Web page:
Dr. Charles S. Sfeir
Charles S. Sfeir
Associate Professor

University of Pittsburgh
School of Dental Medicine
Department of Oral Biology
552 Salk Hall, 3501 Terrace Street
Pittsburgh, PA 15261

Telephone: 412-648-1949
Fax: 412-624-6685

D.D.S./1990 - Dental Medicine, University Louis Pasteur, Strasbourg, France
Certificate/1995 - Periodontal Residency, Northwestern University, Chicago, IL
Ph.D./1996 - Molecular Biology, Northwestern University, Chicago, IL

Research Interests:

  • Role of Dentin Matrix Protein in Biomineralization and Tissue Engineering: General concepts of biomineralization and role of non-collagenous proteins in tissue engineering. Biomineralization is a diverse, yet common phenomenon. It refers to the processes by which organisms form minerals. A wide variety of living organisms possess mineralized tissues, such as bone, dentin and cartilage. In biologically induced mineralization, the mineral crystals are produced by heterogeneous nucleation. The affinity of extracellular matrix constituents for ions may control the formation of initial mineral deposits (nucleation). Nucleation may regulate the size, morphology, and orientation of resulting crystals (crystal growth). We will focus on the hydrated extracellular organic matrix that is composed primarily of proteinaceous macromolecules. In particular, the phosphorylated proteins of the mineralized matrix, such as phosphophoryns (PP) and bone sialoproteins.
  • Gene Delivery to the injured pulp: During mechanical cutting of tooth structure, exposures of the pulp chamber can occur. The traditional means of treatment is to perform a direct pulp capping procedure. This involves applying a layer of calcium hydroxide to the exposed area, followed by a covering layer of glass ionomer cement. This mode of therapy is not yet predictable. When calcium hydroxide is applied directly to pulp tissue, necrosis of the adjacent pulp tissue and inflammation of the contiguous tissue occurs. Dentin bridge formation occurs at the junction of the necrotic tissue and the inflamed tissue. We propose to induce the formation of the dentin bridge using gene therapy. This will research will apply tissue engineering principles for dentin structures.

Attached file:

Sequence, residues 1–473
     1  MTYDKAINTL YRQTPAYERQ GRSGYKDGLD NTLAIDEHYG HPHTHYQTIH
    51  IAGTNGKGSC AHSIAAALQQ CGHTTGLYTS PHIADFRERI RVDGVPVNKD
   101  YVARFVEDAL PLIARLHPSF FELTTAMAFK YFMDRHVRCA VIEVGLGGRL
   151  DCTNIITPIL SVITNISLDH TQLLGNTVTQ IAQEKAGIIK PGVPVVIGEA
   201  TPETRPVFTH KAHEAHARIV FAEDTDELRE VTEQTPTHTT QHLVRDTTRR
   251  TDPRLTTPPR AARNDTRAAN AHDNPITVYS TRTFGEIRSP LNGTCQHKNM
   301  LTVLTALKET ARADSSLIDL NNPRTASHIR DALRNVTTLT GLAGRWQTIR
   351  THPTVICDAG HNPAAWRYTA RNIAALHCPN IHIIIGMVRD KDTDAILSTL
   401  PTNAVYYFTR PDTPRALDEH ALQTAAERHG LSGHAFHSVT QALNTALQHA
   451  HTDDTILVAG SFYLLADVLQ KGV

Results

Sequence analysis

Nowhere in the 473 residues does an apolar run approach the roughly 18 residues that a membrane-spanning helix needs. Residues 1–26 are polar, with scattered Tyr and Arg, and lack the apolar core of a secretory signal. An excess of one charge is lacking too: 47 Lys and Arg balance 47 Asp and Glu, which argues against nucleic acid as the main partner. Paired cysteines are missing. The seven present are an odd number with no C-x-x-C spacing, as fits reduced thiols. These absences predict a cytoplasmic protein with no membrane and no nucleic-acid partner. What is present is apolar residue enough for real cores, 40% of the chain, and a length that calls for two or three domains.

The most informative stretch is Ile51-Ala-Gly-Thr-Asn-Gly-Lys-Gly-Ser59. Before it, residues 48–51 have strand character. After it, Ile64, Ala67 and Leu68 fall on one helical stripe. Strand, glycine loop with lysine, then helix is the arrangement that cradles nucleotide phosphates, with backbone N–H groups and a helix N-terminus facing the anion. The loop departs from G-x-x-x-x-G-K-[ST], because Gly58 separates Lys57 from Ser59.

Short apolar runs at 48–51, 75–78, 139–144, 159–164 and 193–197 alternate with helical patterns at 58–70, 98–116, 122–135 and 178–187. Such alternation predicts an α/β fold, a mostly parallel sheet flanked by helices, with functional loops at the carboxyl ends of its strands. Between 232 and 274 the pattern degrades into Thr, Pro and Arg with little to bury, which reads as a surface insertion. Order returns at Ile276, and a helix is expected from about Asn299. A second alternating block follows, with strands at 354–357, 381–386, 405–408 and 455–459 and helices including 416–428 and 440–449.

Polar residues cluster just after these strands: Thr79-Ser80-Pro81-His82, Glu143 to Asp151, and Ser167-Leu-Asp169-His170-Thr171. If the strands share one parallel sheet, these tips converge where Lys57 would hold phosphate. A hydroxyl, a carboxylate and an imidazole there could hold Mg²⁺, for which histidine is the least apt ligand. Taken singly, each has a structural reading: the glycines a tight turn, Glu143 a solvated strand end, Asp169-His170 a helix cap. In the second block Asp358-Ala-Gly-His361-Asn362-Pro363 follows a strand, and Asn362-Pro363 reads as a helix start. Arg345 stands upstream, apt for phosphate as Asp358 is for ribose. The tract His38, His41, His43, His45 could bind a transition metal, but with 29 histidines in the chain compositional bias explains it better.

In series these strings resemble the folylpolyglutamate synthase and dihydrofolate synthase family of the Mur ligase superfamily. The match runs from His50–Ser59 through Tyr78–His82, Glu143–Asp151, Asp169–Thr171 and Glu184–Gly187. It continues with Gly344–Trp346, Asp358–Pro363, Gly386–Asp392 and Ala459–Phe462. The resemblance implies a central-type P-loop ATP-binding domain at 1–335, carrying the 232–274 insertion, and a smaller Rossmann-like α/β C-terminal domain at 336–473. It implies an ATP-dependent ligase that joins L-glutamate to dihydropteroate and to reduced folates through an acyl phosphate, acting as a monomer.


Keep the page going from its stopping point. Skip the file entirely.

• Ink Jetting of Nanostructured Materials for Controlled Gene Delivery: The goal of this research is to create novel nanotechnology processes that will enable the manufacture of safe and effective gene delivery therapies for bone tissue engineering applications. Gene delivery can be achieved using non-viral (plasmid) techniques that are desirable because they are economical and low in toxicity, but are currently limited by low transfection efficiencies. The proposed research is aimed at developing a novel non-viral gene delivery carrier (nanocarrier) based on exploiting the nanoscale phenomena of materials that provide for improved transfection efficiencies through dramatically increased surface-active DNA binding sites and enhanced reactivity triggered by reduced materials dimensionality.
  • Dental Pulp Stem Cells Characterization: The project will use multipotent stem cells that reside in the human adult dental pulp as an alternative autologous cell source to mesenchymal stem cells (MSCs) derived from bone marrow aspirates, adipose tissue, or umbilical cord blood. The interest in using dental pulp tissues for stem cell source, such as those in the adult third molars, is that they are easily accessible, their lineage is different than bone marrow mesenchymal stem cells and could possibly provide us an understanding of osteoblast and odontoblast differentiation in the craniofacial region. The project will characterize and identify pericytes as a unique population of dental pulp stem cells that can be sorted and expended for cell mediated therapies.